Trunk or Treat: Choosing the Best Event Photos

Adobe Bridge: Some of Saturday’s Trunk or Treat Photos

At my first newspaper gig in Oklahoma (back in the 1980s), I learned to take a lot of photos at busy events. Photographing active children is a game of percentages. You might take a half dozen or more images of one trick-or-treater to get the shot you want, or maybe none of the images “work” and the moment is gone. So you take a lot of pictures.

I had just finished taking photos of a young warrior when I noticed “Cleopatra” (my guess from her costume) walking by. I grabbed several photos hoping to get one great image. I snapped the shutter the first time at 5:55:56 and the last time at 5:56:24 and she disappeared in the crowd. The total elapsed time for these 10 photos was 28 seconds. The last five frames with her looking my way were all taken in just 2 seconds.


She was moving, so not all of these photos were totally sharp. Sometimes she was not looking my way, which is not necessarily a deal breaker. In some of them I did not like the background. As it turned out, the best and sharpest photo was the last frame and I love the look she is giving me. Unfortunately, a boy’s scabbard (for his sword) was in the frame, so I had to crop this image more tightly than I would have preferred to leave out the scabbard.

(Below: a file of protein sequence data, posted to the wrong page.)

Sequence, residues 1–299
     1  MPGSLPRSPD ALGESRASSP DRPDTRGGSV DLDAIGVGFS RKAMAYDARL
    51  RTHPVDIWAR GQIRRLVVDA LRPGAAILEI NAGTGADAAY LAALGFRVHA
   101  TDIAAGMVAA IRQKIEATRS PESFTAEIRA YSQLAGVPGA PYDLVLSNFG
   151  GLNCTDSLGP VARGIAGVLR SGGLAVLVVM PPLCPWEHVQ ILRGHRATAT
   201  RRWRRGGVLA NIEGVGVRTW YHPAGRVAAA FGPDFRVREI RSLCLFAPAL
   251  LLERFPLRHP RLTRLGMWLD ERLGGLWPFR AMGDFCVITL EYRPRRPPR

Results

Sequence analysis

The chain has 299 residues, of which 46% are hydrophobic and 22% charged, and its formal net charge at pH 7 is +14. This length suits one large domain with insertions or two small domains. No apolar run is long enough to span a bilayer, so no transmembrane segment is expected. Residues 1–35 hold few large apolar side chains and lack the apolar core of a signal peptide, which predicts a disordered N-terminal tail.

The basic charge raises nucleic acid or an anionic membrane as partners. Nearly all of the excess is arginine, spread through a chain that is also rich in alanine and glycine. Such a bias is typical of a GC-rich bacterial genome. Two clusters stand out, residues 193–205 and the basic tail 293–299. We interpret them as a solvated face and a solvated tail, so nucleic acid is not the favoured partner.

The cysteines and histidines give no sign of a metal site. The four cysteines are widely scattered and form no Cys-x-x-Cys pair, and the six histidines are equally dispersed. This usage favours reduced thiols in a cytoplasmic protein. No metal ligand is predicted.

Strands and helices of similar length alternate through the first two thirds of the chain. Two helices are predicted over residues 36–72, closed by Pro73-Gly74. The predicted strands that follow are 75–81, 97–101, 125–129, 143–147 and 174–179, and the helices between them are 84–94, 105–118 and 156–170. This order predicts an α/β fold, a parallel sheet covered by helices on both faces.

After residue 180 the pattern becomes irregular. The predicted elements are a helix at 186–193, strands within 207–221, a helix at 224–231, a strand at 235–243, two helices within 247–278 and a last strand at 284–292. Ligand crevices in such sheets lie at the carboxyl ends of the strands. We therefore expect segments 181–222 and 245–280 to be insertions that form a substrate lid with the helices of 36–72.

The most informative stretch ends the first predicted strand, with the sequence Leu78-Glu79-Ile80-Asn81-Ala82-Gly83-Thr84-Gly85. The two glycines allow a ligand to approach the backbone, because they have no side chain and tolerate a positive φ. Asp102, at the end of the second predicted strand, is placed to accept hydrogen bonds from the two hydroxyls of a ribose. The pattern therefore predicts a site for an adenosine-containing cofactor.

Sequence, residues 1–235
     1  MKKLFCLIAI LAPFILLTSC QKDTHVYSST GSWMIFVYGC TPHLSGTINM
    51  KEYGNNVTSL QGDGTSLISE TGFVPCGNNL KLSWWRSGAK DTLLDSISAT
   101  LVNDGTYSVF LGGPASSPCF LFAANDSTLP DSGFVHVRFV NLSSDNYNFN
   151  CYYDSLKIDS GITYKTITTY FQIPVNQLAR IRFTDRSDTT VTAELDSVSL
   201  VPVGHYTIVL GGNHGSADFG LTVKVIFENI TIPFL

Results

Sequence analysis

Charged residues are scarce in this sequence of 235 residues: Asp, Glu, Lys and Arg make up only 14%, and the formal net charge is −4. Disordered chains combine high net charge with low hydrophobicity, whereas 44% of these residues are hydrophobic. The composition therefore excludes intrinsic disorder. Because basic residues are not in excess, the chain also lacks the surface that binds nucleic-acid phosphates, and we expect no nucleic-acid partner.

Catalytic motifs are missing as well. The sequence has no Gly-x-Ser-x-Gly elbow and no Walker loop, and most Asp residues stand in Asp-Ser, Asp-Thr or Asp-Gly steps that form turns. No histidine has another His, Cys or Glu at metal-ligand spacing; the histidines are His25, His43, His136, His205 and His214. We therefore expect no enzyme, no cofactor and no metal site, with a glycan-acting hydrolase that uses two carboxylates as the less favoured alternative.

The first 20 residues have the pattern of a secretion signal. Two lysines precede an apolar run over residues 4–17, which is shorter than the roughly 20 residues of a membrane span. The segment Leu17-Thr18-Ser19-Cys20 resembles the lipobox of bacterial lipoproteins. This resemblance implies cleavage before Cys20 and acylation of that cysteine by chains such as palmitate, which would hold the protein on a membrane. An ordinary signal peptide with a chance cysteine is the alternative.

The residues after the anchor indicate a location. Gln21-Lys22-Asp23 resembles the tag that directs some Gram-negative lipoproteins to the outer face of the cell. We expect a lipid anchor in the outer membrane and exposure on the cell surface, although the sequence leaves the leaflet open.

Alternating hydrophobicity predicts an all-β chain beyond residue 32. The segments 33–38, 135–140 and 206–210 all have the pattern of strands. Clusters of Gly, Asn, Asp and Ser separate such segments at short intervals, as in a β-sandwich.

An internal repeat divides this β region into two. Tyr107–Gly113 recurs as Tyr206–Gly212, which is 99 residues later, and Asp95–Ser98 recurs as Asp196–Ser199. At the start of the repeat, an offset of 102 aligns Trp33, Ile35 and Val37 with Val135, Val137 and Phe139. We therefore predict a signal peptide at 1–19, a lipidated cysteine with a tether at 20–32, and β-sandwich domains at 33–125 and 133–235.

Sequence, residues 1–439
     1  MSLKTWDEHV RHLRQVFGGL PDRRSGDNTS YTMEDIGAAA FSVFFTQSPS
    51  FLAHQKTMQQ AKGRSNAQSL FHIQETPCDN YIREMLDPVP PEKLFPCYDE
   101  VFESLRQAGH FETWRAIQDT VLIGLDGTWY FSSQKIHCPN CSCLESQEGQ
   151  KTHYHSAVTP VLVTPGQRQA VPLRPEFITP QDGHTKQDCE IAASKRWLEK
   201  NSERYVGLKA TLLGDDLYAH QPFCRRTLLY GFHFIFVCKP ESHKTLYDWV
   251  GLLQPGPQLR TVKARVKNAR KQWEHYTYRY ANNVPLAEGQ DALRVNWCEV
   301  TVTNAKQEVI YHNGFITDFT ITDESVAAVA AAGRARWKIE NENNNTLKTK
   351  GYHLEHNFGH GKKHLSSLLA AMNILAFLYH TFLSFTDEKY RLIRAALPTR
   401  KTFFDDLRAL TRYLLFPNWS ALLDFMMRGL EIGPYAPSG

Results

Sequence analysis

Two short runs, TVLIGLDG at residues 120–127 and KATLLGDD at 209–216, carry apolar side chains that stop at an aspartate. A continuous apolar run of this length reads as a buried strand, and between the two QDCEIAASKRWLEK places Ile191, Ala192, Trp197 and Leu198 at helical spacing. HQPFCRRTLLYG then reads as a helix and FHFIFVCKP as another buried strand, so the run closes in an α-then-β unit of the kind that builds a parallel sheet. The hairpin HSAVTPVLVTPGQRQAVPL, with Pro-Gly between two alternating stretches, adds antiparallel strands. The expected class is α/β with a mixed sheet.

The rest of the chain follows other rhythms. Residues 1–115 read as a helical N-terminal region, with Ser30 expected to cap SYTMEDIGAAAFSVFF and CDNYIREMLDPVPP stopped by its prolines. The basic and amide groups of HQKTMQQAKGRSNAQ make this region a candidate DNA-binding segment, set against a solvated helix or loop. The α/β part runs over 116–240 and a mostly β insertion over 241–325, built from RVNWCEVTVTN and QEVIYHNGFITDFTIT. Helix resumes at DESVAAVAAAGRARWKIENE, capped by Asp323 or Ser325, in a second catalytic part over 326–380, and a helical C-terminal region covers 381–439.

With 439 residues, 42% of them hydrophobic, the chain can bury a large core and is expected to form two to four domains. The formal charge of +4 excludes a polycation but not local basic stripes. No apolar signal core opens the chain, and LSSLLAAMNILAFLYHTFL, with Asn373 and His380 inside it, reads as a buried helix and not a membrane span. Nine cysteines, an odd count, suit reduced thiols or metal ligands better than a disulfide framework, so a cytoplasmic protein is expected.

My second choice would have been file 3672 (3rd row, last photo) which has a slight amount of motion blur or it would have been my first choice
I was shooting in both sun and shade and things were happening too quickly to set a custom white balance. She was in the shade so this image was too blue in tone. When I optimized the image I lightened the exposure and adjusted the white balance to have warmer light on her face.
This was an easy choice for my final cut of 24 images.